The study concluded that there is indeed a correlation between higher pollen counts and an increase in COVID-19 infections. It seems airborne pollen can account for about 44% of the variation in infection rates, with humidity and air temperature also playing a role in some cases.

Climate change is making pollen seasons worse

It’s worth noting that the effect was strongest when there were no lockdown regulations active in the regions: during intervals without lockdowns, every increase of 100 grains of pollen per cubic meter led to a 4% average increase in infection rates. To put the numbers into perspective: 80 grains per cubic meter is enough to give untreated hay fever patients complaints. During the study, some German cities had pollen concentrations recorded as high as 500 pollen grains per cubic meter, which led to an overall increase in infection rates of more than 20%. In regions where lockdown rules were in effect, however, the pollen effect on infections was only half as high.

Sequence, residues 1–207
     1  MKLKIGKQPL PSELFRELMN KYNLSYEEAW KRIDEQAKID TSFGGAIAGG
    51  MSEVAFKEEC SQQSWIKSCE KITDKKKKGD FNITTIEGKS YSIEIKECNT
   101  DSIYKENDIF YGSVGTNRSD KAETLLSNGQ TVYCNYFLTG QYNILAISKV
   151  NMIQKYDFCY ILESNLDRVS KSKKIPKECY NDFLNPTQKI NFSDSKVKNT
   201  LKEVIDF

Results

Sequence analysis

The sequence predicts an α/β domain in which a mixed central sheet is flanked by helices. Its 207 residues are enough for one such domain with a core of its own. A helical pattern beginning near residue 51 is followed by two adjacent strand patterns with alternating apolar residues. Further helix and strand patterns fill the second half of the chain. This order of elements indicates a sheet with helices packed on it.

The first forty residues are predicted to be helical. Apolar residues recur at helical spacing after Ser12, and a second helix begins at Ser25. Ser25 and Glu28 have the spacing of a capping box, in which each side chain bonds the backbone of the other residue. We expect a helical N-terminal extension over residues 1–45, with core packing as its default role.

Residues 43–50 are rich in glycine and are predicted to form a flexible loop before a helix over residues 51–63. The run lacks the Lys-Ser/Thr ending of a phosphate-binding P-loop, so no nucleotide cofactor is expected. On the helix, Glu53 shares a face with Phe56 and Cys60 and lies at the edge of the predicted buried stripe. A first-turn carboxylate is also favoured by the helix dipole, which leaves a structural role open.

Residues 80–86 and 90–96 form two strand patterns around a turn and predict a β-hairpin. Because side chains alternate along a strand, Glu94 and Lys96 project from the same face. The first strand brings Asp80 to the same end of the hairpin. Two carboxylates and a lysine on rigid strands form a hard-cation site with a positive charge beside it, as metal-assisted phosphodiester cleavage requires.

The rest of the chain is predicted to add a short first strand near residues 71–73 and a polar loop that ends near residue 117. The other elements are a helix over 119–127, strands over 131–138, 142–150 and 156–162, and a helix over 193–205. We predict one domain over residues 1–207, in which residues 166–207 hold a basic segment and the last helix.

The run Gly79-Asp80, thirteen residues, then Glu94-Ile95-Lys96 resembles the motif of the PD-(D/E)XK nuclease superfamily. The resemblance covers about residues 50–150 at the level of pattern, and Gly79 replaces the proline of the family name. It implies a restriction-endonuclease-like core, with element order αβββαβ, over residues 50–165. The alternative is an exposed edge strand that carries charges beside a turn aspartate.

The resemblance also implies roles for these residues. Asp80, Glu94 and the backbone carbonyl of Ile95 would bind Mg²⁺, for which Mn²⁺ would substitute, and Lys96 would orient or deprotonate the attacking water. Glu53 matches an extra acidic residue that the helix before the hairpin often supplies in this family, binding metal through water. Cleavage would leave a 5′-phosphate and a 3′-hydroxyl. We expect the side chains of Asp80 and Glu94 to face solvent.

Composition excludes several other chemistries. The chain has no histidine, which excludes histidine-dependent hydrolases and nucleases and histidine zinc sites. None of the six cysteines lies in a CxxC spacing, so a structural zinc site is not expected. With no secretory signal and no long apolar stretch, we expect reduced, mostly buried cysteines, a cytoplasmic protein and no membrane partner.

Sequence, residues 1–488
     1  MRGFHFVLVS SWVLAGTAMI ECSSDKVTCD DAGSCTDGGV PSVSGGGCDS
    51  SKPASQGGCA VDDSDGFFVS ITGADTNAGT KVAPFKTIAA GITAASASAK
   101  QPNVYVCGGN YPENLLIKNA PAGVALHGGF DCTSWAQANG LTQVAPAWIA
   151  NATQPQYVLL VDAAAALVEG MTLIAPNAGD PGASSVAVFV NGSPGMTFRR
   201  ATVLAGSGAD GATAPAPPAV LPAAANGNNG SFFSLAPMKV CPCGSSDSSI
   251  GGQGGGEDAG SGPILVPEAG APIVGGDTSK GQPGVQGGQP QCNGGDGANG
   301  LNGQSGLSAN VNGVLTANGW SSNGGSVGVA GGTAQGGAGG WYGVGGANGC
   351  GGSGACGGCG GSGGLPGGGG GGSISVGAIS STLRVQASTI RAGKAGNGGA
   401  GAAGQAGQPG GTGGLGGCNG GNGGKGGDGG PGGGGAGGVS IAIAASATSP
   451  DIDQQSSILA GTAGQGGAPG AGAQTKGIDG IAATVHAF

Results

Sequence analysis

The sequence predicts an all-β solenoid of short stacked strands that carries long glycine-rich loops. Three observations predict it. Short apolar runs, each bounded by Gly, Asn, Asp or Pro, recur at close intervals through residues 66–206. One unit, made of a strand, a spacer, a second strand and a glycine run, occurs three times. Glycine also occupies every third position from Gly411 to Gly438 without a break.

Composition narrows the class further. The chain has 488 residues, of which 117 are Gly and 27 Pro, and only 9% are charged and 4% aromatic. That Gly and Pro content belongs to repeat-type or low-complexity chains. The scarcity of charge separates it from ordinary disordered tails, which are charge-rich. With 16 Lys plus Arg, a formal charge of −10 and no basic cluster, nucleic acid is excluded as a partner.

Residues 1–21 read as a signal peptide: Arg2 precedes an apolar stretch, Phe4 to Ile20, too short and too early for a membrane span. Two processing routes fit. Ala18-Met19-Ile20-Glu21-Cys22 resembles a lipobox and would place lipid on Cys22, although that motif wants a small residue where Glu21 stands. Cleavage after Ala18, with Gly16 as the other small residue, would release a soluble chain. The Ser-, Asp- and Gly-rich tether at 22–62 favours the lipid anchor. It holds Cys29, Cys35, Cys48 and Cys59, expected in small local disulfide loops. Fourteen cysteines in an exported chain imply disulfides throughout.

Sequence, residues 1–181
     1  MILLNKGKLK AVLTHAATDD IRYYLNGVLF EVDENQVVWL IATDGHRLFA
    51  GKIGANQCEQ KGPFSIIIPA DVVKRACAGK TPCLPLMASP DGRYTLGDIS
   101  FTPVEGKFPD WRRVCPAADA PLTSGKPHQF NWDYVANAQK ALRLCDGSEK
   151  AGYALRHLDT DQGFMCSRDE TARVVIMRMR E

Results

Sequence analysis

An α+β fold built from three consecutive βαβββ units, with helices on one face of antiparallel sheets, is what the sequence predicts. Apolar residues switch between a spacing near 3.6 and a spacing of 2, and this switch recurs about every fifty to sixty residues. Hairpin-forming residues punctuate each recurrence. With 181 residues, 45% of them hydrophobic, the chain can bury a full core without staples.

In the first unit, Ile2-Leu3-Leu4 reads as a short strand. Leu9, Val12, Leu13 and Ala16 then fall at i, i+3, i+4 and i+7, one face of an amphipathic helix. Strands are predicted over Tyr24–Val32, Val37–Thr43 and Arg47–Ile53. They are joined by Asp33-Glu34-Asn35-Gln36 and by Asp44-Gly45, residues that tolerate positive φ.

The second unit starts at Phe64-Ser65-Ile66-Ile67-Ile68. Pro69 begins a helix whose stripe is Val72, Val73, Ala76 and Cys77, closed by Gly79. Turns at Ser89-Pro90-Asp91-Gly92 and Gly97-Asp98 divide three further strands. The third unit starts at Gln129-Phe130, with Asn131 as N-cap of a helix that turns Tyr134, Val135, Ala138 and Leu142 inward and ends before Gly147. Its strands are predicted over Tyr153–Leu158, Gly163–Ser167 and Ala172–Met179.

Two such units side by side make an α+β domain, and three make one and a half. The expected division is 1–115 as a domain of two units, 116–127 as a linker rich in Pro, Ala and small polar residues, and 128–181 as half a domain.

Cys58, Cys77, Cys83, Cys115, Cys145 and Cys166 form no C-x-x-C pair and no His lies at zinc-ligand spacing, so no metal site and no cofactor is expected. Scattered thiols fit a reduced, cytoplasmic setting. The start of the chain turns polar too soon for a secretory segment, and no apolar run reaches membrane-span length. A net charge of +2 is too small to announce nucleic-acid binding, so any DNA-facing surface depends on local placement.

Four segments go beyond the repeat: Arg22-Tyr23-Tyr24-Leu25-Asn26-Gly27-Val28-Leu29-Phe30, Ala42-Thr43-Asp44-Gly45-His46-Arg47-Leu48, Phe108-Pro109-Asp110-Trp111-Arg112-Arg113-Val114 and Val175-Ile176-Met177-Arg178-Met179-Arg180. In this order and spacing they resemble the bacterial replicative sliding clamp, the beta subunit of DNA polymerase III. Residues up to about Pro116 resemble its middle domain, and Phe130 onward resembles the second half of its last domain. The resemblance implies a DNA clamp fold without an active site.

You cannot avoid exposure to airborne pollen. – Dr. Stefanie Gilles, TUM

These figures are nevertheless alarming, particularly coupled with the effect of climate change. A long-term study published in PNAS in January based on 30 years’ worth of pollen data from North America found that anthropogenic climate change is resulting in longer and more intense hay fever seasons, with pollen concentrations over 20% higher than they used to be.

Just last week in Belgium, Dr. Marc Piessens (allergist at the Medical Center in Genk), announced that the local measurement center had set a new record for hazel and alder pollen: more than 4,500 pollen grains per cubic meter of air. That’s 500 more than in 2019, the previous record-holding year, and certainly more than enough to have a marked impact on hay fever patients. At these new record-high concentrations, people with hay fever not only suffer from the typical symptoms, like itchy eyes and stuffy noses; many also start exhibiting asthmatic symptoms. And that’s before you take the risk of COVID-19 into account.